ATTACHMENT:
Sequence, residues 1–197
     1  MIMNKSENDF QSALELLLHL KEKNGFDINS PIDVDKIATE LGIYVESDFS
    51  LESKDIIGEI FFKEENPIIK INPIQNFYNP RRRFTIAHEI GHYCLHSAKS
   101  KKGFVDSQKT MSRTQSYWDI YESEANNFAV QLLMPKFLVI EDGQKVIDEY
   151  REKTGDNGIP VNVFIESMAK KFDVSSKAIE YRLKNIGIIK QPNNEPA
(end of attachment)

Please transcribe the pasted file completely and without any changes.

Sequence, residues 1–197
     1  MIMNKSENDF QSALELLLHL KEKNGFDINS PIDVDKIATE LGIYVESDFS
    51  LESKDIIGEI FFKEENPIIK INPIQNFYNP RRRFTIAHEI GHYCLHSAKS
   101  KKGFVDSQKT MSRTQSYWDI YESEANNFAV QLLMPKFLVI EDGQKVIDEY
   151  REKTGDNGIP VNVFIESMAK KFDVSSKAIE YRLKNIGIIK QPNNEPA